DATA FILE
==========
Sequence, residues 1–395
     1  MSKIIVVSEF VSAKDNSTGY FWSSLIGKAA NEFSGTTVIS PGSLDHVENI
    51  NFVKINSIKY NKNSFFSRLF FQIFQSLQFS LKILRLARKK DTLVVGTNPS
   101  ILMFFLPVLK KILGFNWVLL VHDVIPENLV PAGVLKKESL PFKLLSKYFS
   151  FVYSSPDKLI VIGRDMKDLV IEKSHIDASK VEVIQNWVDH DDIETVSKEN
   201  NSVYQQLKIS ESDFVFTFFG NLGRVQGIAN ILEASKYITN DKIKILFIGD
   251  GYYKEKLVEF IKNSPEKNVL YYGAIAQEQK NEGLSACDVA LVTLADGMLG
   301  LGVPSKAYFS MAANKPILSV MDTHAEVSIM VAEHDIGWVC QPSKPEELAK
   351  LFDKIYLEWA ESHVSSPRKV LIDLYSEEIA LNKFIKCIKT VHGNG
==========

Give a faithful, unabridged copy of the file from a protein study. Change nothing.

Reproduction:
Sequence, residues 1–395
     1  MSKIIVVSEF VSAKDNSTGY FWSSLIGKAA NEFSGTTVIS PGSLDHVENI
    51  NFVKINSIKY NKNSFFSRLF FQIFQSLQFS LKILRLARKK DTLVVGTNPS
   101  ILMFFLPVLK KILGFNWVLL VHDVIPENLV PAGVLKKESL PFKLLSKYFS
   151  FVYSSPDKLI VIGRDMKDLV IEKSHIDASK VEVIQNWVDH DDIETVSKEN
   201  NSVYQQLKIS ESDFVFTFFG NLGRVQGIAN ILEASKYITN DKIKILFIGD
   251  GYYKEKLVEF IKNSPEKNVL YYGAIAQEQK NEGLSACDVA LVTLADGMLG
   301  LGVPSKAYFS MAANKPILSV MDTHAEVSIM VAEHDIGWVC QPSKPEELAK
   351  LFDKIYLEWA ESHVSSPRKV LIDLYSEEIA LNKFIKCIKT VHGNG